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May 17, 1996 - Image 69

Resource type:
Text
Publication:
The Detroit Jewish News, 1996-05-17

Disclaimer: Computer generated plain text may have errors. Read more about this.

COLLEGE BOUND

Great Expectations

High-school
seniors eye
the future.

PHOTO BY DANIEL L IPPITI

L ,

DAN ZIMMERMAN
SPECIAL TO THE JEWISH NEWS

\,=

cademic drudgery. So-
cial repression. Endless
homework. Perpetual
boredom.
That pretty much
sums up the high-
school experience.
So when seniors finally serve
their sentence and prepare to
step onto the launch pad of life —
college — they are, needless to
say, excited.
But is eager anticipation the
only emotion filling young minds
as students take their initial in-
dependent journey into the un-
known?
According to Ethan Ard, a
Harvard-bound senior at Okemos
High School, the answer, for the
most part, is yes. "I am, of course,
excited about going to Harvard.
It seems that wherever you turn,
you hear of someone who went
there, works there, teaches or
taught there," Ethan says.
"The pompous-looking, suit-
able-for-framing Harvard cer-
tificate of admission," he
continues, "is made out to be a
guarantee that the holder will
eventually be amongst the
world's most important people,
and it may indeed be."
As one might suspect, attend-
ing the most prestigious univer-
sity in the country is an
electrifying prospect accompa-
nied by lofty expectations for the
future. "And yet, my excitement
is coupled with much anxiety,"
says Ethan. "In my few days vis-
iting the campus, I was shocked
at just how conceited many of the
students are. There is no mis-
taking the fact that a great many
of them think they are the great-
est thing since 'Welcome Back
Kotter.'
"My greatest challenge in the
next four years will be to find a



pocket of normal-
cy in the most
bizarre atmos-
phere I have ever
known."
Excitement
and anxiety? Shoshi Utchenik, a
senior at Berkley High School,
concurs that mingled emotions
are indeed the norm. A talented
young artist who will hone her
skills at the School of the Art In
stitute of Chicago, Shoshi says,
"I have a lot of fears. Going to col-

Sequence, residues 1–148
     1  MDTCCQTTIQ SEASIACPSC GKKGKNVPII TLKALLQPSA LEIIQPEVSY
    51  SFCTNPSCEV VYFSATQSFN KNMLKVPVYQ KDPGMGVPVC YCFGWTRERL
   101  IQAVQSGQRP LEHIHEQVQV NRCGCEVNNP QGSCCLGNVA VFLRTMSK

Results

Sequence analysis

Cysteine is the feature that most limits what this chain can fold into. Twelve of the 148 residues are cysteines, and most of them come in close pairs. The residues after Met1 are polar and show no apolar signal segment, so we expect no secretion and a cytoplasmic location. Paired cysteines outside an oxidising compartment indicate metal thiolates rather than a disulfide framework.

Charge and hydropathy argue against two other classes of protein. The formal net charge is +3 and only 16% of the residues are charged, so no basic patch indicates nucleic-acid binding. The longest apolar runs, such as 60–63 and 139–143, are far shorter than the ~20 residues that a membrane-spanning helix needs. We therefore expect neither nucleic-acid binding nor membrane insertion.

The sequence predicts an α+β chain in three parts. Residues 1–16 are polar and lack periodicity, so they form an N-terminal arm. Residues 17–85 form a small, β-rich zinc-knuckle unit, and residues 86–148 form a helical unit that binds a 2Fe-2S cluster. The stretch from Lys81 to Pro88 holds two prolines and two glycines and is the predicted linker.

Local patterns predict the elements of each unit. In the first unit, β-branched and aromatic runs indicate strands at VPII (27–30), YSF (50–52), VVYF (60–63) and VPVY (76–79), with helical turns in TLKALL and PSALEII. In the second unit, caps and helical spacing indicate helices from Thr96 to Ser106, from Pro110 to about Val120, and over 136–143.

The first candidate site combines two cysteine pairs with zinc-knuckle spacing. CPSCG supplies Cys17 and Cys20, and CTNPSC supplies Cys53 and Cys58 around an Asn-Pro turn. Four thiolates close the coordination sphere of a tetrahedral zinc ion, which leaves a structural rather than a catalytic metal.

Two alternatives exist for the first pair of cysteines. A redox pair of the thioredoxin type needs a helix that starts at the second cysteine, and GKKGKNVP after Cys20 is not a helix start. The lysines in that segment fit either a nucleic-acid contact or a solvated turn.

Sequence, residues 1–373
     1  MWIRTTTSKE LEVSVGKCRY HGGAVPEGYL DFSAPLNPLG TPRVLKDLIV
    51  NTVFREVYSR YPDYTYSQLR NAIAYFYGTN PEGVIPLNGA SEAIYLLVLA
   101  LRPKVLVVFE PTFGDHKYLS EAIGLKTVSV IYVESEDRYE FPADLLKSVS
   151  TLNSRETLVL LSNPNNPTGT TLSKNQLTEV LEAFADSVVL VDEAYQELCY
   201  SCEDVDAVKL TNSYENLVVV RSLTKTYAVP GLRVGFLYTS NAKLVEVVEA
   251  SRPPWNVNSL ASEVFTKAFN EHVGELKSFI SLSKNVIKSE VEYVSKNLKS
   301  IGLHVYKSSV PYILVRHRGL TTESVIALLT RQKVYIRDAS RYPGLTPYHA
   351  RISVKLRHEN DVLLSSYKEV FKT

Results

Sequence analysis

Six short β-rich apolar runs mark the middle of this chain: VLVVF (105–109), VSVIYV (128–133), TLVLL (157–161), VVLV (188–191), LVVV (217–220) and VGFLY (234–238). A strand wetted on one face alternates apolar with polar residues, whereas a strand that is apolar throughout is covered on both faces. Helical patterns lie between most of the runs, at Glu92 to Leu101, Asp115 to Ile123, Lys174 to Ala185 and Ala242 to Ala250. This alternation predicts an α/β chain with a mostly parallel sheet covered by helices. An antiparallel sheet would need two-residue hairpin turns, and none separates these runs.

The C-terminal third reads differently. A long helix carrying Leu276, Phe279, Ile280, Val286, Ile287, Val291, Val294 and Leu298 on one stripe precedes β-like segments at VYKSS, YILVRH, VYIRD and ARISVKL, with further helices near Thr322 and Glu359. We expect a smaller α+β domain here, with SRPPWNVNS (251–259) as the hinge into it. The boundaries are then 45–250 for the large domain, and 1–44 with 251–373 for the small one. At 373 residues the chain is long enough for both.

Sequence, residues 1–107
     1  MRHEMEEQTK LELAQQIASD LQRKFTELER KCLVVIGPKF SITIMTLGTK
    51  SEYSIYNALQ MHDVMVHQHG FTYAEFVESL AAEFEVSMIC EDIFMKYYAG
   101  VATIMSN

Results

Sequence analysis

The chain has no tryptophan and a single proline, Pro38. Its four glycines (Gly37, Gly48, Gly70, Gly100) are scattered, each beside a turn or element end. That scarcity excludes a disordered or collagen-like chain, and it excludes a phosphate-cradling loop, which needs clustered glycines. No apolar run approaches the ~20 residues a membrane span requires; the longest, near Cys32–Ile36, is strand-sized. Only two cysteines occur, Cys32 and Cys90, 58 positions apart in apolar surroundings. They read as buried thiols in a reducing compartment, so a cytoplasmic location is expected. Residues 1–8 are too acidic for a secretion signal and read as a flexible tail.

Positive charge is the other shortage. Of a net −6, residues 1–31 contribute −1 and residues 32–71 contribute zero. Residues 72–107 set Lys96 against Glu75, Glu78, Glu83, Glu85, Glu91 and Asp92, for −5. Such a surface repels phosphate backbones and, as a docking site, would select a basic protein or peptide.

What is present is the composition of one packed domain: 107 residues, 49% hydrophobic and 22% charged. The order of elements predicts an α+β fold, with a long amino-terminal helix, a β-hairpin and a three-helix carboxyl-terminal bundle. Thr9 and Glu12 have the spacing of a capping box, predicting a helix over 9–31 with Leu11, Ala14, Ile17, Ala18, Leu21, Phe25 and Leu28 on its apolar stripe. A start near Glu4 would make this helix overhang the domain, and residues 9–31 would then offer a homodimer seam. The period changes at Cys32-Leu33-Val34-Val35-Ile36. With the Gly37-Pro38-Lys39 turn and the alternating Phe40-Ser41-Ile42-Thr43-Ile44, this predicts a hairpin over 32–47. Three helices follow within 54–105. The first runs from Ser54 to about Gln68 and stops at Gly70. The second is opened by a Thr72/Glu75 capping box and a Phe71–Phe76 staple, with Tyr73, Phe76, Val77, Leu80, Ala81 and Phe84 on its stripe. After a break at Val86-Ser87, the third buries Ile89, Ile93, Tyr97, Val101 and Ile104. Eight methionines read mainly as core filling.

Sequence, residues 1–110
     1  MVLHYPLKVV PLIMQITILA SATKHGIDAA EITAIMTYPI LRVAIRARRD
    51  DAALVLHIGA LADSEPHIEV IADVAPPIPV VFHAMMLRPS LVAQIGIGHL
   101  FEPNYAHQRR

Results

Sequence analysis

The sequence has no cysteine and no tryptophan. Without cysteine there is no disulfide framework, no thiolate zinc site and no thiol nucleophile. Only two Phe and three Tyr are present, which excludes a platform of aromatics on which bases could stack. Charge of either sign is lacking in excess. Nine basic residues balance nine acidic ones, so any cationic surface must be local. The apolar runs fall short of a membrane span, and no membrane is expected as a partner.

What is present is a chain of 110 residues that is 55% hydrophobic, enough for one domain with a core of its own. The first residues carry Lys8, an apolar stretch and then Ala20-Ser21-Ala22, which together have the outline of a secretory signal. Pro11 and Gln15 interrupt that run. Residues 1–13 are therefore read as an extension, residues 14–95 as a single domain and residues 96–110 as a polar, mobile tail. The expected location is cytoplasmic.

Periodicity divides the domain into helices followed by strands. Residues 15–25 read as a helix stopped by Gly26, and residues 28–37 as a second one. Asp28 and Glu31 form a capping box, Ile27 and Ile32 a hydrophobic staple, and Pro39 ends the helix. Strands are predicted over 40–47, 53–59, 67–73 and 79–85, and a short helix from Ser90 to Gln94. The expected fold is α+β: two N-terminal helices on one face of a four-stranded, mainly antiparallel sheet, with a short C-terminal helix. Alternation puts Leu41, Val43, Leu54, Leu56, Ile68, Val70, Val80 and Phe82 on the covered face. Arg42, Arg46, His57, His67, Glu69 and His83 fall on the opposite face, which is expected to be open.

lege is an irreversible step, and
once there, back home will nev-
er be the same. I'm mostly
afraid," she adds, "that Pm going
to waste my parents' money."
But for Shoshi, the fear of leav-
ing home takes a back seat to an
eager optimism about her soon-
to-be address. "Chicago is such a
big place," she says. "There is
stimulation everywhere in the
form of music, writing and the-

Swimming
teaches David
Stegman to
succeed in his
endeavors.

ater. An artist interprets her en-
vironment and to live in a place
like Chicago can only help."
As Shoshi indicates, going
away is a thrilling and chilling
endeavor. But not all students
stray too far from home.
Karen Golan, a senior at An-
dover High School, will attend
the University of Michigan this
fall. She is comforted by the fact
that U-M is an in-state school.
"I think U-M offers the best of
both worlds," Karen says. "It's far
enough away from my parents
that I can enjoy a true college ex-
perience, but it's close enough to
home in case I need a break."
What worries does Karen
have? "I'm worried that Pll get
way too much homework and
that my classes will be too hard.
I'm scared that my roommate
and I won't get along or that we
will get stuck in a dorm we real-
ly don't want to be in," she says.

"I think that most of my anx-
ieties come from the fact that I
really don't know what to expect.
I envision the way I expect col-
lege to be, but I worry that every-
thing I picture is completely
wrong."
Despite her anxieties, like her
peers, Karen is ecstatic about the
world of opportunities that the
fall will bring.
"College is going to be so amaz-
ing," Karen says. "Finally I'll have
something to do on the weekends
besides complain about how bor-
ing West Bloomfield is. It's going
to be one wild and crazy time."
College may often be wild and
crazy, but the fun comes with a
fair share of pressure, academic
and otherwise.
No one knows this better than
David Stegman, a senior at West
Bloomfield High School, who will
be attending Emory University
in Atlanta. Not only will he be in-

dulging in rigorous academics,
he'll also be entering the high-
pressure world of college varsi-
ty swimming. But Dave does not
anticipate being overwhelmed.
"Swimming takes dedication,
commitment and time," he says,
"but it also teaches you how to
achieve and puts you in the right
mentality to succeed in all as-
pects of life. It really helps."
And swimming in college has
other benefits. "You get to travel
around a lot and get to visit oth-
er campuses across the country.
It's a great opportunity," he says.
Like other seniors, Dave's con-
cerns are of a more general na-
ture. "I realize that college is
going to be hard," he says. I'll be
away from home and on my own
with no one there to ask me if I've
studied for this or that test or to
remind me to go to practice. Col-
lege is a whole new level of re-
sponsibility."

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